CBOT Interest Rate Newsfeed

The Chicago Board of Trade (CBOT) division of the CME Group (Chicago Mercantile Exchange), provides interest rate futures traders with a source of treasury market fundamental news events, and headlines.  

This newsfeed provides information on upcoming Treasury auctions, Federal Reserve member speeches, and economic news.  

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  1. The Fed's balance sheet is a weekly report presenting a consolidated balance sheet for all 12 Reserve Banks that lists factors supplying reserves into the banking system and factors absorbing reserves from the system. The report is officially named Factors Affecting Reserve Balances, otherwise known as the "H.4.1" report.

    In September 2017, the Fed announced a program of quantitative tightening to reduce its balance sheet through the gradual reduction of both its Treasury and mortgage-backed security holdings. The monthly reductions, executed by reinvesting a decreasing amount of maturing securities, began in October 2017 and gradually increased in size before hitting a plateau in October 2018 at $30 billion per month for Treasuries and $20 billion per month for MBS. In January 2019, the Fed indicated that it would likely bring the program to a close by the end of the year, and in May 2019, the Fed cut the monthly reduction cap for Treasuries to $15 billion and announced it would end the program in September. In its July 31, 2019 FOMC statement, the Federal Reserve announced it is concluding the balance sheet reduction of its aggregate securities effective August 1, 2019, two months earlier than previously indicated. As of this date, all principal payments of maturing Treasuries held by the Federal Reserve will be rolled over at auctions. Principal payments from agency debt and agency mortgage-backed securities up to $20 billion per month will be reinvested in Treasury securities to match the maturity composition of Treasury securities outstanding, while principal payments in excess of $20 billion per month will continue to be reinvested in agency mortgage-backed securities.
  2. The Fed's balance sheet is a weekly report presenting a consolidated balance sheet for all 12 Reserve Banks that lists factors supplying reserves into the banking system and factors absorbing reserves from the system. The report is officially named Factors Affecting Reserve Balances, otherwise known as the "H.4.1" report.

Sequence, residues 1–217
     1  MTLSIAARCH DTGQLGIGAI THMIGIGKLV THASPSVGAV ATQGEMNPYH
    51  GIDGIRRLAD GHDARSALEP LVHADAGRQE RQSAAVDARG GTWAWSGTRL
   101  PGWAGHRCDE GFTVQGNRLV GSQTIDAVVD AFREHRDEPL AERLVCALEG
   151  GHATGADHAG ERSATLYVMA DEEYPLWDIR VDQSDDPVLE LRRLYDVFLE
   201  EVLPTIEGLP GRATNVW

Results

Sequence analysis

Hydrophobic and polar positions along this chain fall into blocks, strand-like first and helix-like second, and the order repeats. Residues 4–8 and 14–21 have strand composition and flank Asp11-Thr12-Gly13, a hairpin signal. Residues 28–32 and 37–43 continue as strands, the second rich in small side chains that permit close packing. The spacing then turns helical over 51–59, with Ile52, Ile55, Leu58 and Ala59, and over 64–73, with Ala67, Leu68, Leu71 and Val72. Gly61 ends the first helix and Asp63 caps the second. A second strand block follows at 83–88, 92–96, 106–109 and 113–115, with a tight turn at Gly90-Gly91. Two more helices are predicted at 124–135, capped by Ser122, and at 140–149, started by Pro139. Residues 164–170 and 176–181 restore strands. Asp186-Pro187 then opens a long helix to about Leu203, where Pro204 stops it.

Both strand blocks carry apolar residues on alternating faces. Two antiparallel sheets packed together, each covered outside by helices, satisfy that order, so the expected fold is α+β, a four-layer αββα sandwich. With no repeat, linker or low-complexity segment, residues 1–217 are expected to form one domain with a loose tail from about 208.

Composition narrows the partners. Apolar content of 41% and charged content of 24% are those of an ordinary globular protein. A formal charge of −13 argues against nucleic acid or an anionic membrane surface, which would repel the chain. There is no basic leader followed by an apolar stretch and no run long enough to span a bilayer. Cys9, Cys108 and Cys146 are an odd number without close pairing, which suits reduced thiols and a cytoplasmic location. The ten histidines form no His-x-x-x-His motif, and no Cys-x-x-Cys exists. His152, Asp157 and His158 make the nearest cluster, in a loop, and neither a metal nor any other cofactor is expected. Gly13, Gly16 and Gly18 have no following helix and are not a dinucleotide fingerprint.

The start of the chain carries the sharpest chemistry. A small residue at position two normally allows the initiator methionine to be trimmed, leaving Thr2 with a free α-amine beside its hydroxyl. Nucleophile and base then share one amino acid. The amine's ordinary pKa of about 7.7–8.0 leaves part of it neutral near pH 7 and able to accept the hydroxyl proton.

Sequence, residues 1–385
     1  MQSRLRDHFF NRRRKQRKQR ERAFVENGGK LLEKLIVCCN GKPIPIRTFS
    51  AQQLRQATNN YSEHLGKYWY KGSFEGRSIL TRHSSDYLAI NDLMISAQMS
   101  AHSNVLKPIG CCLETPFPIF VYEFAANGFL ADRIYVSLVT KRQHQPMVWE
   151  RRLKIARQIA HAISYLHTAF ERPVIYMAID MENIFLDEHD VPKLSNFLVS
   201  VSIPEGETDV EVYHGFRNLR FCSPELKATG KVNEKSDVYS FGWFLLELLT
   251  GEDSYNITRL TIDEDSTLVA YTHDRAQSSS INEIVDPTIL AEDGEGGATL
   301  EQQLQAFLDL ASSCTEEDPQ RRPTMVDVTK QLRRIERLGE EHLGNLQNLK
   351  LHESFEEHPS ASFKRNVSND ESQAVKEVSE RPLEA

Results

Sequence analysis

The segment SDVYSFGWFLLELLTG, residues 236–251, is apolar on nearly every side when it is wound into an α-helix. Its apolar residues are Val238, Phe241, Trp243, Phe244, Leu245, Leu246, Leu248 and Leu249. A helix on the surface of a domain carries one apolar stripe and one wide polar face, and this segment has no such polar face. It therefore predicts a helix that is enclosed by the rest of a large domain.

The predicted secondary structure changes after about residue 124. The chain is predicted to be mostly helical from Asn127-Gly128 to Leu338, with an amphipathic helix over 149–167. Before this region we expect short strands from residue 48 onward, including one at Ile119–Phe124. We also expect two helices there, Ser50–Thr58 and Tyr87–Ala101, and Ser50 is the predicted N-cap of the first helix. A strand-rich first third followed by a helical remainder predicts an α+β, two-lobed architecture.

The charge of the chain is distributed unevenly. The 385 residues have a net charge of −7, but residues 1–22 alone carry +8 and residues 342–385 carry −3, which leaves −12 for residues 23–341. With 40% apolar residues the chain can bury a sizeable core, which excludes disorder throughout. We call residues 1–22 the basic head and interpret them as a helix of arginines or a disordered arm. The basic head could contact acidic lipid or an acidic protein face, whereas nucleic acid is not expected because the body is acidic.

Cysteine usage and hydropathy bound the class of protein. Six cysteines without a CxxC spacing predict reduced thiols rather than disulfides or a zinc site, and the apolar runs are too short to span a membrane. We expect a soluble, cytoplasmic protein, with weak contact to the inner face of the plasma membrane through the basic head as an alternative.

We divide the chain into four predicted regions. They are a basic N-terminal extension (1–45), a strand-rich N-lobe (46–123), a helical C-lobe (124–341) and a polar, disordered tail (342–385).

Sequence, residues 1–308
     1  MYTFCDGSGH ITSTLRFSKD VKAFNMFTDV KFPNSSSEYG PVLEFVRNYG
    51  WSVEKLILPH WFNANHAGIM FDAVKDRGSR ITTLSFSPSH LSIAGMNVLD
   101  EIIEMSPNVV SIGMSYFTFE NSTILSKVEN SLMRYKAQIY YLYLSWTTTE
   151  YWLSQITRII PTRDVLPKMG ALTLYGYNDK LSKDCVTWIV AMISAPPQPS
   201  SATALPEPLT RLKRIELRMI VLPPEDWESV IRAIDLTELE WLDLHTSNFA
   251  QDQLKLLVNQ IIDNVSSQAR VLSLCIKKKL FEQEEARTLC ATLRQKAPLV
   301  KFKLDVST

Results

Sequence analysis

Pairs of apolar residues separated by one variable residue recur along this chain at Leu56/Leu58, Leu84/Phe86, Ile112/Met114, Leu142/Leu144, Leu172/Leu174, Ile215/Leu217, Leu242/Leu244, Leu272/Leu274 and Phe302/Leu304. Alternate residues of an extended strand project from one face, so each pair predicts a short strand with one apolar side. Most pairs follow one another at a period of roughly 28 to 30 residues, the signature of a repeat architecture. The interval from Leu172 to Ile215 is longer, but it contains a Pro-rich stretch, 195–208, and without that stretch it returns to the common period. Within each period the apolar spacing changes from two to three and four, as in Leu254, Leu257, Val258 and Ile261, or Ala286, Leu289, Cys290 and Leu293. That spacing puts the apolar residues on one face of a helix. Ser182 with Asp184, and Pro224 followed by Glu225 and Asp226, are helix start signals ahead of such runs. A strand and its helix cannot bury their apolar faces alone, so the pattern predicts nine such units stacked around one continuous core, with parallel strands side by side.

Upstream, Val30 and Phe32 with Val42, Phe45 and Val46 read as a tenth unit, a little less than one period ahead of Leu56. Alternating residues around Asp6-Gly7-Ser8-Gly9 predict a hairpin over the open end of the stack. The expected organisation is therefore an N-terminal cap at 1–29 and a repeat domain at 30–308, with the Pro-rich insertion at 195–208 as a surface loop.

In September 2017, the Fed announced a program of quantitative tightening to reduce its balance sheet through the gradual reduction of both its Treasury and mortgage-backed security holdings. The monthly reductions, executed by reinvesting a decreasing amount of maturing securities, began in October 2017 and gradually increased in size before hitting a plateau in October 2018 at $30 billion per month for Treasuries and $20 billion per month for MBS. In January 2019, the Fed indicated that it would likely bring the program to a close by the end of the year, and in May 2019, the Fed cut the monthly reduction cap for Treasuries to $15 billion and announced it would end the program in September. In its July 31, 2019 FOMC statement, the Federal Reserve announced it is concluding the balance sheet reduction of its aggregate securities effective August 1, 2019, two months earlier than previously indicated. As of this date, all principal payments of maturing Treasuries held by the Federal Reserve will be rolled over at auctions. Principal payments from agency debt and agency mortgage-backed securities up to $20 billion per month will be reinvested in Treasury securities to match the maturity composition of Treasury securities outstanding, while principal payments in excess of $20 billion per month will continue to be reinvested in agency mortgage-backed securities.